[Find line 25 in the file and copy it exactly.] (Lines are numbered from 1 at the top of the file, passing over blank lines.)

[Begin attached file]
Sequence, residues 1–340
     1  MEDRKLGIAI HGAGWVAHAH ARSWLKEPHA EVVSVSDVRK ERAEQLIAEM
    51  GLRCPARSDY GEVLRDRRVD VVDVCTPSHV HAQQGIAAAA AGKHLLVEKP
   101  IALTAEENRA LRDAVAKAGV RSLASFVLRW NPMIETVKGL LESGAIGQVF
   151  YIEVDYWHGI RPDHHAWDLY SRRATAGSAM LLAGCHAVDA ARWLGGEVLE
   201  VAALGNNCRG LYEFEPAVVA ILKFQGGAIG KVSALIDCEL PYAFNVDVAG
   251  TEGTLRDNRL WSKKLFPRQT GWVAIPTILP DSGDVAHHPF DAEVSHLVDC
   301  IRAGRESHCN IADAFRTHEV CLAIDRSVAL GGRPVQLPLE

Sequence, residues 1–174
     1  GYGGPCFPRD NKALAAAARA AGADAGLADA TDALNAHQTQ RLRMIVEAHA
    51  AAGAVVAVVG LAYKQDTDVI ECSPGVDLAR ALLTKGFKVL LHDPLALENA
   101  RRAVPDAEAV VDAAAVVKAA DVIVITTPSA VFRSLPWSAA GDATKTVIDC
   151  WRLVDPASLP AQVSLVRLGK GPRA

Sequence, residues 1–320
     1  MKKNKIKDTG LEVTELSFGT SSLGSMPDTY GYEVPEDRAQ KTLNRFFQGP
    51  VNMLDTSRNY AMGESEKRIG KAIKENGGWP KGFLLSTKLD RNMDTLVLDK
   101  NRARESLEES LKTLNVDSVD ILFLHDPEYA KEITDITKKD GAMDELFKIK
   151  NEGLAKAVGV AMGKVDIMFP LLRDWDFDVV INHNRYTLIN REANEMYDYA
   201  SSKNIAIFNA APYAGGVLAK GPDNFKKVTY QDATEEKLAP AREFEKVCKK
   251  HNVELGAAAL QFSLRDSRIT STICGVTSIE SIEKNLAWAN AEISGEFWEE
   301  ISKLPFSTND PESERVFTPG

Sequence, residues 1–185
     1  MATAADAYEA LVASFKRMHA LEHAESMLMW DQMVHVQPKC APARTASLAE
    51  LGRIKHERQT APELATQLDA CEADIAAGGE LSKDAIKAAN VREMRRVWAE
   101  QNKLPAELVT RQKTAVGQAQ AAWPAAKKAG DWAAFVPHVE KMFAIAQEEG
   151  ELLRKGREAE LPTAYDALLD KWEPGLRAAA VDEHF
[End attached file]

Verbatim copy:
   101  QNKLPAELVT RQKTAVGQAQ AAWPAAKKAG DWAAFVPHVE KMFAIAQEEG